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Ever suspected bankers used WhatsApp comms at work? $1.8b says you're right
Thought shadow IT at your office was bad? Try enforcing workplace device policies on hedge fund traders
Updated Ever given a colleague a quick Signal call so you can sidestep a monitored workplace app? Well, we'd hope you're not in a highly regulated industry like staff at eleven of the world's most powerful financial firms, who yesterday were fined nearly $2 billion for off-channel comms.
Banking giants including Goldman Sachs, Credit Suisse, and Citigroup agreed to pay $1.1 billion in penalties from the US Securities and Exchange Commission (SEC) and $710 million in fines from the Commodity Futures Trading Commission (CFTC) in separate actions on Tuesday for failing to monitor and stop their workers from using unauthorized messaging apps. The action comes after months of wrangling between the federal regulators and the banks, culminating in fines many have criticized as being too small to be a real deterrent.
The companies yesterday admitted their staff, including senior investment bankers and equity traders, regularly shot the breeze on WhatsApp and other "unapproved" private channels.
The companies were also hit with cease and desist orders preventing them from continuing to "commit or caus[e] any violations and any future violations of Section 17(a) of the Exchange Act." In what might be the most unusual part of this situation, all of the companies (along with some of their subsidiaries) appear to have admitted to wrongdoing.
The SEC said in a statement that its investigation uncovered "pervasive off-channel communications," and that after gathering communications from the personal devices of just a sample of the various firms' personnel they found off-channel exchanges between "senior and junior investment bankers and debt and equity traders."
SEC chair Gary Gensler said in a statement: "Finance, ultimately, depends on trust. By failing to honor their recordkeeping and books-and-records obligations, the market participants we have charged today have failed to maintain that trust."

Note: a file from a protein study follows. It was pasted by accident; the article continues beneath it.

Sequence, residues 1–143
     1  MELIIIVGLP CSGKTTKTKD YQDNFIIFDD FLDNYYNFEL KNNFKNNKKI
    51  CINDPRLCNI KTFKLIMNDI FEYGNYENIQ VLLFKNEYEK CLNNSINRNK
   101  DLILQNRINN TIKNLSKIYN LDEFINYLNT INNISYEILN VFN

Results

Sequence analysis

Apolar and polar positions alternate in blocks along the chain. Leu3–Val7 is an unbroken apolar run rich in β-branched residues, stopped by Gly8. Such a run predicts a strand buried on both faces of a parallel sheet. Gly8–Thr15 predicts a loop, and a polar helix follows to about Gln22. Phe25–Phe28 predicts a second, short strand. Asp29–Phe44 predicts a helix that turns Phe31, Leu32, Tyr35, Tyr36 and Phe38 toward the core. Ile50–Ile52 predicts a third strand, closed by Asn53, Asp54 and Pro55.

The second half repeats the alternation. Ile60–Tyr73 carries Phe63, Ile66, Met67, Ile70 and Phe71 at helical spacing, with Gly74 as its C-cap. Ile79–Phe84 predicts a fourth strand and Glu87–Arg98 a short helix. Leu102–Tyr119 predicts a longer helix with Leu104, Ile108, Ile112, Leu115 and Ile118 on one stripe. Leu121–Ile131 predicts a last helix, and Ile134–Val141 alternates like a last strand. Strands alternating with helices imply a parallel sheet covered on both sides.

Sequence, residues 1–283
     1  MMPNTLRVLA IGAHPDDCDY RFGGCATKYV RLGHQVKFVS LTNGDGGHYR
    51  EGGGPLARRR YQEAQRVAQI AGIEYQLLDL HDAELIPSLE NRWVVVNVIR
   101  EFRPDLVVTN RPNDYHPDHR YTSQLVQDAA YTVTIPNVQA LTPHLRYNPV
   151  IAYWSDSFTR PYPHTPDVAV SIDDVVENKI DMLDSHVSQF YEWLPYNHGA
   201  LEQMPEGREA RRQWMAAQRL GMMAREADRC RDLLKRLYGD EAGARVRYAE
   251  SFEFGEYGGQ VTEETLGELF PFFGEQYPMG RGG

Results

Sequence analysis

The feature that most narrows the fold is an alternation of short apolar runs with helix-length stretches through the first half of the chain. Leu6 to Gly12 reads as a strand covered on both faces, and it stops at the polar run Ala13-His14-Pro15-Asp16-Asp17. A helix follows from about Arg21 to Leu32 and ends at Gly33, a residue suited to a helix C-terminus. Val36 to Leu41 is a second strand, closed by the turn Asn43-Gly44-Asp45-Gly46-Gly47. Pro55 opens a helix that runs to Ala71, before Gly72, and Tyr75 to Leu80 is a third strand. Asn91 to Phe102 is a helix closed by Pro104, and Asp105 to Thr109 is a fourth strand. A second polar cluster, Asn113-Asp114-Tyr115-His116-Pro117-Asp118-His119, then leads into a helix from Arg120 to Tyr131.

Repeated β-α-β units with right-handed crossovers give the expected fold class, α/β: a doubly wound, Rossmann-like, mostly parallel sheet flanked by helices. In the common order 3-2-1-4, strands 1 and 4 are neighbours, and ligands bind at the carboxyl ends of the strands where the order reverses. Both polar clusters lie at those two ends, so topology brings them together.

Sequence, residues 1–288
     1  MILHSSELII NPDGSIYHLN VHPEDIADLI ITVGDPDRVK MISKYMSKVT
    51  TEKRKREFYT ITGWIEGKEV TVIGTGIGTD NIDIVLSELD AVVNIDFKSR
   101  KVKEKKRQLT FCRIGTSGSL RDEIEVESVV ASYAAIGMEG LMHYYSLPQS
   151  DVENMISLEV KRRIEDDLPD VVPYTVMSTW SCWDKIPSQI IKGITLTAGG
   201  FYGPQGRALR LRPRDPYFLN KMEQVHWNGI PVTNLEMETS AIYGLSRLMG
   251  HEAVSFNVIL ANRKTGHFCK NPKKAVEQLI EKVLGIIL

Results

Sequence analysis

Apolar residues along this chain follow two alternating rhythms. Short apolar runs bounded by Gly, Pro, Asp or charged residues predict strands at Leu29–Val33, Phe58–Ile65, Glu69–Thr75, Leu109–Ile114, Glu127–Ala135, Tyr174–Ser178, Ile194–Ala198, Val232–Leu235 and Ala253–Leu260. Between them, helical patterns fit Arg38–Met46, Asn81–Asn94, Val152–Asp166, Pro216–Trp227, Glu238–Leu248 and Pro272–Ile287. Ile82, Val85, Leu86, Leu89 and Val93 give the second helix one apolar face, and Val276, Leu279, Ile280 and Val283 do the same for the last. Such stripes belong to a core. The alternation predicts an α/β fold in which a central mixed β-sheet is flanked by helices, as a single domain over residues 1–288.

The agency went on to say that secret squirrel comms failings had occurred across all "16 firms" (that number includes the 11 and their affiliates - there's a full list here), adding that it had "involved employees at multiple levels of authority, including supervisors and senior executives."
The CFTC, meanwhile, said of its separate but related operation that the behavior was "egregious and widespread" and the "increasing reliance on novel communications platforms available on personal mobile devices, indicates a concern that — unless effectively addressed — may negatively impact market-participants' internal compliance ... and the Division of Enforcement's ability to effectively and efficiently investigate conduct that may violate the CEA and/or CFTC regulations."
The agency also said it was looking at allegations of similar misconduct at another "major financial institution" registered with the CFTC in the matter, citing a 2021 complaint where a dollar-swaps trader at a global investment bank was alleged to have deleted WhatsApp comms after the division made an order that he retain all communication on messaging apps including Facebook, Whatsapp, Telegram, Slack, or Signal, including any backed up versions in cloud storage etc.
As for what's to stop them from doing it again, the businesses have all vowed to up their compliance efforts, agreeing to retain compliance consultants who will conduct comprehensive reviews of their policies and procedures on the retention of "electronic communications found on personal devices" and take a look at their "frameworks for addressing non-compliance by their employees with those policies and procedures."
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Gurbir Grewal, director of the SEC's Division of Enforcement, said the 16 firms admitted the facts and acknowledged that their conduct violated these very important requirements, and have started to implement measures to prevent future violations.
The Register is keen to hear any of your solutions to the sticky shadow comms problem. You could require staff to place personal devices in secured containers, but what happens when they're needed outside the office? How do you enforce such a policy? And then how can the company be sure you don't just walk out the office after work after market close, and simply send a Telegram message from your own cellphone? Quants and traders, on the whole, are better than your average non-finance fan at memorizing strings of numbers. ®
Updated to add:
Bank of America, Barclays, Goldman Sachs, Credit Suisse, and Nomura all declined to comment while Deutsche Bank told us it "fully cooperated" with regulators on this "industry-wide matter" and "proactively deployed fully compliant and convenient text and chat platforms." You'll be relieved to know it doesn't expect any impact on its third quarter results.